Festiwool Magazine

Festiwool is pleased to announce the launch of a magazine - Festiwool Magazine. It will be published once a year, to coincide with Festiwool's Hitchin Event.

Festiwool Magazine 2017 features articles by Beaker Buttons, exclusive patterns - including our very own Festibear, Spotlight on Workshop providers, and an account of why Hitchin was chosen as the venue for the first Festiwool, in 2014.

Festiwool Magazine will be available mid-September.

If you can't wait to learn more about the medieval market town of Hitchin, you can purchase a new DVD by Hitchin TV in the Heritage Video Focus Series - A very personal view of the history of Hitchin by the Curator of the British Schools' Museum.

Copies of the DVD can be purchased for £10 from Hitchin Initiative, The British Schools' Museum, and Hitchin TV's Facebook page.

Competition Time

Have you visited the Art Installation in St. Mary's Churchyard?


This is a taste of last year's Exhibition., courtesy of Hitchin TV.


Come and see what's in store this year, throughout the month of July. If you come along on the morning of Friday 14th, you will find members of Hitchin Stitchin, Woolly Chic, and Festiwool knitting and taking tea together.  Why not join us?

Post a picture of your favourite item from the Installation on Twitter. Use the hashtag #moreteavicarFestiwool and you could win a copy of the very first edition of Festiwool Magazine (to be published in September)


Woolly Chic at Hitchin Festival

Helen has been busy, mounting her exhibits at the More Tea Vicar, in St Mary's Churchyard. 

Woolly Chic, Hitchin Stitchin, Hitchin Girls' School, and Festiwool, will be adding more items to the Art Installation throughout the month.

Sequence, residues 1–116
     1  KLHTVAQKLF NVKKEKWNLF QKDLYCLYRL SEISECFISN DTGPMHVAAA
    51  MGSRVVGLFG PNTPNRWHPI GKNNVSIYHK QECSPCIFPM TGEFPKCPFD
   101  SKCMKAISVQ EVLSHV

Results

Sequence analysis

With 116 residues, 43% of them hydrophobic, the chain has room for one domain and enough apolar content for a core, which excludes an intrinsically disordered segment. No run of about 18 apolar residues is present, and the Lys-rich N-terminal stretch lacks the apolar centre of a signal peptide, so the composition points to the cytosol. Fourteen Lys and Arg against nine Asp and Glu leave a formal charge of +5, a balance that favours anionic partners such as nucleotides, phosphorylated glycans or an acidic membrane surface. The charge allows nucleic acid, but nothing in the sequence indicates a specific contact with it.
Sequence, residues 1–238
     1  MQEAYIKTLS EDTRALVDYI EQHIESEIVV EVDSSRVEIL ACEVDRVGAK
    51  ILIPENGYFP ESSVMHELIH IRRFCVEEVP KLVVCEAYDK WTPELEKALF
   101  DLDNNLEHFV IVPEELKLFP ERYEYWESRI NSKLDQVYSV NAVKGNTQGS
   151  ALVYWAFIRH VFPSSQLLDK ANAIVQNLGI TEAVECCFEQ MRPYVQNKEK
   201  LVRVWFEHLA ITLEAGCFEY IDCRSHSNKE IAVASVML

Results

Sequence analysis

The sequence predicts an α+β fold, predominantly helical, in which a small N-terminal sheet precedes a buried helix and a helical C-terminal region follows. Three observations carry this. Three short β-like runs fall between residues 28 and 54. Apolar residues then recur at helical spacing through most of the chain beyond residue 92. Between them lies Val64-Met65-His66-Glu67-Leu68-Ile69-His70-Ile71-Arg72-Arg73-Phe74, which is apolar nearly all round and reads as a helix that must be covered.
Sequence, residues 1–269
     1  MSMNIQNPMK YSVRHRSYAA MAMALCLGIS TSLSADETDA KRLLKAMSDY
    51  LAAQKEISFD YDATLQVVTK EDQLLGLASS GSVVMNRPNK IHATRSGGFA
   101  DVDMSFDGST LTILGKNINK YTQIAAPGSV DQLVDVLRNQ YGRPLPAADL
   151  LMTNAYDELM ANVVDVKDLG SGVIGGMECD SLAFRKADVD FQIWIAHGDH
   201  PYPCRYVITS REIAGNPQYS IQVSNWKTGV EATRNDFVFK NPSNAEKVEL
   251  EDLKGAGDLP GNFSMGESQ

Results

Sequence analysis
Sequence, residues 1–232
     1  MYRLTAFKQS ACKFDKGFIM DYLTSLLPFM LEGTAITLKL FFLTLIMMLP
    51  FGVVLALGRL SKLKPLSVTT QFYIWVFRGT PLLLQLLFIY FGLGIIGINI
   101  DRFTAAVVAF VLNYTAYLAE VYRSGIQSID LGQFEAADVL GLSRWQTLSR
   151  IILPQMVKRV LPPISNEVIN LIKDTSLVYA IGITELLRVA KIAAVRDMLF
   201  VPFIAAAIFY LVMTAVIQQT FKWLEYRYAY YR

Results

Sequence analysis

Helen will also be attending Festiwool 2017 as an exhibitor. She has contributed one of her knitted bag patterns, available to anyone who buys a ticket for the event on 11th November. 

Hitchin Festival

Festiwool, Hitchin Stitchin, and Hitchin Girls' School, added more items to the Art Installation in St Mary's Churchyard. Among them was this fabulous Mad Hatter's Tea Party.

Hitchin Festival launches this evening with a Street Food Event.

Why not come along and wander through the Churchyard to see if you can spot any more teatime treats? Post pictures of your favourite to Twitter with the hashtag #moreteavicarFestiwool

More Tea Vicar?

Festiwool and Woolly Chic

are back at St Mary's Churchyard Hitchin,  with More Tea Vicar. 

This year, Festiwool is working with pupils from local schools. Hitchin Girls' School kicked off the festival with some sweet treats. There will be more treats installed all through Hitchin's Festival month from Woolly Chic, Festiwool and Hitchin Stitchin.

Anyone for donuts? More tea, Vicar?

Festiwool at the Festival

Festiwool will, once again, be taking part in the HitchinFestival.

This year's theme is The Tea Party. There will be sweet confections on view that are too good to eat, and creative contributions from Woolly Chic, Louise Shotton, ChrissCrossCraft, and members of Hitchin Stitchin' and Ival Knits.

Come and see the fantastical creations from the imaginations of  pupils from Hitchin Girls' School and Biggleswade Academy. The fun begins on 31st June and continues throughout the month of July. 

Want to join the Vicar of St Mary's and his wife for a spot of knitting at the Tea Party? Watch this space for confirmation of dates.

Spotlight on

The Studio at Number 30

Kaye McGown

The love of sewing and all things handmade is something that Kaye had from a very early age. Even as a small child her favourite toy was her Mum's old button tin! She grew up in a very creative family. With her three sisters she would spend many happy hours making clothes for their dolls, creating costumes and putting on shows for their parents. Her Grandmother was a seamstress and a milliner and at the age of 5 she taught Kaye how to use a sewing machine, a simple hand-powered Singer, which she still uses today and features in her logo.

Kaye's love of dressmaking grew and she made clothes for herself, wedding dresses for friends and a christening gown for her godson. Years later, having trained as a lecturer, travelled the world and had two children of her own, she is still happiest when she is making or crafting something.

Kaye will be presenting  workshop at Festiwool for the second year running. This year, she invites you to Make an Orla Keily Washbag.


Crafting as a business

British Fibre Art Magazine's Rainy Williamson will be talking about setting up a business at Festiwool this year. Why not book a ticket and get some insider tips.

In the meantime, here is some excellent advice from

© BBC Radio 4 Woman's Hour